After the Toronto Maple Leafs blew a 2-0 lead Thursday night against the Philadelphia Flyers, eventually losing 3-2 in overtime, goaltender Frederik Andersen let his team have it.
“We’ve got to regroup, I think we’ve got to figure out who wants to commit to playing for the team.
“I don’t think we’re tired. I think it’s a lack of effort at certain points and it’s something that can’t happen. We’ve got to figure this out if we want to play any meaningful hockey later.”
Andersen’s Comments a Long Time Coming
The Leafs’ loss to the Flyers was disappointing, to be sure. The fruits of two solid periods were squandered by two boneheaded plays in the third: Mitch Marner trying – and failing – to stickhandle his way out of trouble deep in his own zone, and, not two minutes later, no forward covering for a pinching defenseman, enabling the Flyers to tie the game on a shorthanded two-on-one.
A William Nylander misread in overtime created another odd-man rush against, leading to the winning goal.
Andersen was hung out to dry on all three goals against, there can be no denying that. But his frustration stems from more than just one game.
Leafs’ Andersen Under Siege
The Leafs allow the third-most shots in the National Hockey League (34.1 per game), while they average only eighteenth in shots for (31.3). Individually, Andersen has faced the most shots of any goaltender in the league this season (1,340), and it’s not even particularly close (95 clear of the next-highest mark heading into action Saturday).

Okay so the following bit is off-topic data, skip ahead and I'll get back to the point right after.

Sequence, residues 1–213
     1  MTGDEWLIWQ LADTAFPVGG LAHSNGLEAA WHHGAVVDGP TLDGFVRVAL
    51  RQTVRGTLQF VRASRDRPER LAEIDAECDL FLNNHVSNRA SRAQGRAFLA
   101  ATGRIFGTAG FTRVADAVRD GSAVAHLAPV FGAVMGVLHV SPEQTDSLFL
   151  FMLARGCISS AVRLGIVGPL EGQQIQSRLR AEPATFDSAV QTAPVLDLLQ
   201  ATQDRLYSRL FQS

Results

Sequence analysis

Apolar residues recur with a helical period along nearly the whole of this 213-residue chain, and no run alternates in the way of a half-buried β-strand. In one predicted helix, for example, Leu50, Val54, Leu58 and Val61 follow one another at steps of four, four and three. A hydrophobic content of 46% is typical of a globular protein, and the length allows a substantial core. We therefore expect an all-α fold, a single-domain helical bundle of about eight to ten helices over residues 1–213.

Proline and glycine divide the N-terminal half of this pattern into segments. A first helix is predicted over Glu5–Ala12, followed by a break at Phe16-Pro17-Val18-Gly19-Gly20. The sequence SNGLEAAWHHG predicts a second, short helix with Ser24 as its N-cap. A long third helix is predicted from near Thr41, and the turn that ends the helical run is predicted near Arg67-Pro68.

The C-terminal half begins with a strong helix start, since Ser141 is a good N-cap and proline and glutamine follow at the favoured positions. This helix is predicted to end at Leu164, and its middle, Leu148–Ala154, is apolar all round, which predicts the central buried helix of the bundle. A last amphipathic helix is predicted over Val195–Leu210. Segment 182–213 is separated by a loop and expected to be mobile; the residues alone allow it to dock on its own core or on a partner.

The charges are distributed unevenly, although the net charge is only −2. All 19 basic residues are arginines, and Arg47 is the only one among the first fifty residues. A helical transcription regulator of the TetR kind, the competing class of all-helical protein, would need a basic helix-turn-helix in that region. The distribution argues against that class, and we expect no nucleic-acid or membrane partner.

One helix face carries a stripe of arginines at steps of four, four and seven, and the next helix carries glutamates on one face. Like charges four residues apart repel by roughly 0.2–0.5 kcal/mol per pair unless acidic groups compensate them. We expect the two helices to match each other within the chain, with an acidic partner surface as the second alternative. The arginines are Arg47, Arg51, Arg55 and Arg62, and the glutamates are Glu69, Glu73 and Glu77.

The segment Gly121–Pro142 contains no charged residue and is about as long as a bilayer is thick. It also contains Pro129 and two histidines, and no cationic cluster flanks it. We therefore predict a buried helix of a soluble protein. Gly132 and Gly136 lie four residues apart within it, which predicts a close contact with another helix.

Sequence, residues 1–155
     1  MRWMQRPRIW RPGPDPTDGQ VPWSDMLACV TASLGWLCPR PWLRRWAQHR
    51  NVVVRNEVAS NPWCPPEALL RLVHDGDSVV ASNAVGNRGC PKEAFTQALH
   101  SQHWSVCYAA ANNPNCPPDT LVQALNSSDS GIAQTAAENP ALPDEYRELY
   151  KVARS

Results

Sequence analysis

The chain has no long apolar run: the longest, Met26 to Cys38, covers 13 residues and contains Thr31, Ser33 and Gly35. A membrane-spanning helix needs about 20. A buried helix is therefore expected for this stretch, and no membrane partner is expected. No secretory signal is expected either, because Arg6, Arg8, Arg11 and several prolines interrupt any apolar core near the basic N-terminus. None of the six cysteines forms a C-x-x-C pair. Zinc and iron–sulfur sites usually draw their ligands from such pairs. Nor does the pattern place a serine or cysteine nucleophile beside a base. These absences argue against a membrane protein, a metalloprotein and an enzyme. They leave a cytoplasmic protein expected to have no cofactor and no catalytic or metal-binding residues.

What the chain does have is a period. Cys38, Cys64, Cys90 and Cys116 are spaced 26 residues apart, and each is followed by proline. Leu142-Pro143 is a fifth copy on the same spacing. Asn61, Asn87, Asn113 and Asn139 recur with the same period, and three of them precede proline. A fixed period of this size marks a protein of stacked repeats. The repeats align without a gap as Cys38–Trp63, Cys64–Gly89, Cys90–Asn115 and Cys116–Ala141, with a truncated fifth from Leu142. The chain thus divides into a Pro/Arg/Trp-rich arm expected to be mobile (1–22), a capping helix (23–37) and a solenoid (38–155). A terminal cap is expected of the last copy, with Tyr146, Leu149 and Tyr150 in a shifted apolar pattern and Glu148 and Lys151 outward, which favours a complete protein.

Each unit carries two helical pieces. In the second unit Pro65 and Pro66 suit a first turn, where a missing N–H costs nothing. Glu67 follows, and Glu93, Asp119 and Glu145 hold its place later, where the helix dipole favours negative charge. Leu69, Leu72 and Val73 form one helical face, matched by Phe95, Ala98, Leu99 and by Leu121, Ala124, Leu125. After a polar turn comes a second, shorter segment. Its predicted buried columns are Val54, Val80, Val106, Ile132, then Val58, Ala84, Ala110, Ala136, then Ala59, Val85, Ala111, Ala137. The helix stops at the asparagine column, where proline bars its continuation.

On paper, the Leafs have the talent to even out that discrepancy. Throughout October and November, Toronto averaged 3.5 goals per game, while giving up an admittedly bloated 2.96. Nevertheless, a record of 17-9-1 is nothing to sneeze at.
However, for the last two months, Toronto has been in an extended slump, registering just eight wins in 20 games since Dec. 1 (their record is 8-8-4). Most concerningly, though they are allowing fewer goals against (2.7 per game) during that span, their scoring has fallen off a cliff, dropping 31 percent to an anemic 2.4 goals per game (for reference, only two teams have averaged fewer than 2.4 goals per game in 2017-18).
Andersen has not only had to play behind a Leafs team struggling to adapt to the more restrained, responsible style preached by the coaching staff, but also the utter refusal of Mike Babcock to ice his optimal lineup.
Throw in a sharp decrease in run support and some outright stupidity like we saw Thursday night – plays that hockey players learn not to make the second they pick up a stick – and it’s no wonder the guy snapped.
Leafs Saying All the Right Things
If I were Babcock, I’d welcome Andersen’s outburst; I’d rather someone be openly angry than silently frustrated; constructive outbursts like Andersen’s show a player cares. I’ll take engagement over apathy any day. And, as one of the most overworked, under-supported netminders in the league, he’s earned the right to vent.